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Eddie Palmieri

Elliott Simon By

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Their CD together, Obra Maestra (RMM, 2000), recorded just before the great timbalero's death, is just that, a masterpiece of collaboration between two significant world artists. Eddie reflects on the landmark session. "The one who [had] played with Tito was my brother Charlie and they had a lifetime friendship...[for me to play with Tito] was are talking about one of the greatest percussionists we ever saw here...when I was a young man I wanted to play the timbales because of Tito Puente...he was the man...he was the pioneer that made everything happen...and he rose to the occasion in the recording." Additional recent releases, Ritmo Caliente (Concord, 2003) and La Perfecta II (Concord, 2002) are uniquely Eddie Palmieri and present the pianist in the context of the Latin Jazz that he rules. The former contains gems like the wonderfully intricate "Grandpa Semi-Tone Blues", "Billie" (a tribute to Lady Day), the gorgeous bolero "Tema para Reneé" and a title cut that is an in-your-face reworking of the original "Ritmo Caliente" from Eddie's 1962 classic LP, La Perfecta. The latter reprises the original "La Perfecta" concept but with the benefit of 40 years experience and maturation. The tunes are of course hot, featuring the powerful horns of trumpeter Brian Lynch and trombonist Conrad Herwig against a percussive onslaught. This results in serious music that retains the fun and power of the originals.

With seven Grammys, over 50 albums and a career that has seen him bring Latin jazz to the far reaches of the world, Eddie commented on the rhythmical reasons for the wide cross cultural appeal of Latin music. "The organism fluctuates between being restful and being restless and when you hear the Latin rhythms being played properly with a great orchestra with good arrangements and a good singer, whether you know the language or not, you can feel the beat...The bassist is playing in unison with the conga player...he is going: 1...2...3...boom boom...oom paka chaka...dun dun, the bassist is playing a tumbao, dee dee yu...bee been...dee dee dee...bee been and they are meeting in a certain time which gives them a synchronization and then the piano vamp and then the bongo and the timbales folding in because between the timbales and the bongo there is a question and answer. They all have specific jobs to do and different patterns to play but they are complementary to the degree that it synchronizes so well that it is a force coming at you that is going to excite you... It just grabs everyone because the rhythm is going to get you. The rhythm is the most exciting rhythmical patterns to me in the can't miss." Mr. Palmieri's appearance at this summer's JVC Jazz Festival is indication that he is clearly right when he adds "You are either going to dance or you are going to be moving in your chair in a concert." From his premiere position in Latin jazz, he thankfully continues to be both "keeper of the flame" and musical innovator.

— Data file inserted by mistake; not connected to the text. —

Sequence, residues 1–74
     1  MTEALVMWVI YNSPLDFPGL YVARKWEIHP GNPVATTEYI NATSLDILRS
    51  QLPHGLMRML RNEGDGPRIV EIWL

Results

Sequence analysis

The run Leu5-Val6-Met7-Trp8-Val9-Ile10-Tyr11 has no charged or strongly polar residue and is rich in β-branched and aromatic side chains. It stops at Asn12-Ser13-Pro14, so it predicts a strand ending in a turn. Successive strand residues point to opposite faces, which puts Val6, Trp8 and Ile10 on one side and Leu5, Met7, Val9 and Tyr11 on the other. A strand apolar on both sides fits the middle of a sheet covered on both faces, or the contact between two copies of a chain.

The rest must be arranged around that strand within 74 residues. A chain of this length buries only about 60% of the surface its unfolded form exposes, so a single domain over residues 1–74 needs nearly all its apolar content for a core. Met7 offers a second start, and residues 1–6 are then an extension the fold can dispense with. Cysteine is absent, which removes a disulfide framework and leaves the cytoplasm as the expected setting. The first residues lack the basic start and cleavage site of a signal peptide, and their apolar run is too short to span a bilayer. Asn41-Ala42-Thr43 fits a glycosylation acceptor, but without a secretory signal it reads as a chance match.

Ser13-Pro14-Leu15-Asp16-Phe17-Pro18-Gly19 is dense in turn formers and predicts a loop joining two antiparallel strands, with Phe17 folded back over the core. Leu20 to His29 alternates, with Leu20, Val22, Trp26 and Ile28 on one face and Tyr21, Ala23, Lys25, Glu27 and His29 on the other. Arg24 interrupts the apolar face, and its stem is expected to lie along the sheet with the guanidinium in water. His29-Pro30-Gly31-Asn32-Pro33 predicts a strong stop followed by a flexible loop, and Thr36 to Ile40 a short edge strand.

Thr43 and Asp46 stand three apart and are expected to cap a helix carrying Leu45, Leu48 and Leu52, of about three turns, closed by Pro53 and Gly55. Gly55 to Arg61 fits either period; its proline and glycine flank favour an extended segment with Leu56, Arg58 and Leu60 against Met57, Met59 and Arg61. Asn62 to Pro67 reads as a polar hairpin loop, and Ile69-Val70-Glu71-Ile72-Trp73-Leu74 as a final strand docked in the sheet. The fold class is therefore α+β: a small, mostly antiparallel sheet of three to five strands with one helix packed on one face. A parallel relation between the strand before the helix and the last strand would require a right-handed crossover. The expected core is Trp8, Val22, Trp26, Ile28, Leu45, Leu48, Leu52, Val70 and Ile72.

Recommended Listening:

· Eddie Palmieri - La Perfecta (Allegre-Fania, 1962)

· Eddie Palmieri - Mambo con Conga Is Mozambique (Tico, 1965)

· Eddie Palmieri - Molasses (Tico, 1967)

· Eddie Palmieri - The Sun of Latin Music (with Lalo Rodriguez) (Musical Productions-Charly, 1973)

· Eddie Palmieri - La Perfecta II (Concord Jazz, 2002)

· Eddie Palmieri - Listen Here! (Concord, 2005)

Related Article
Eddie Palmieri: Latin Jazz Standard-bearer

Visit Eddie Palmieri on the web.


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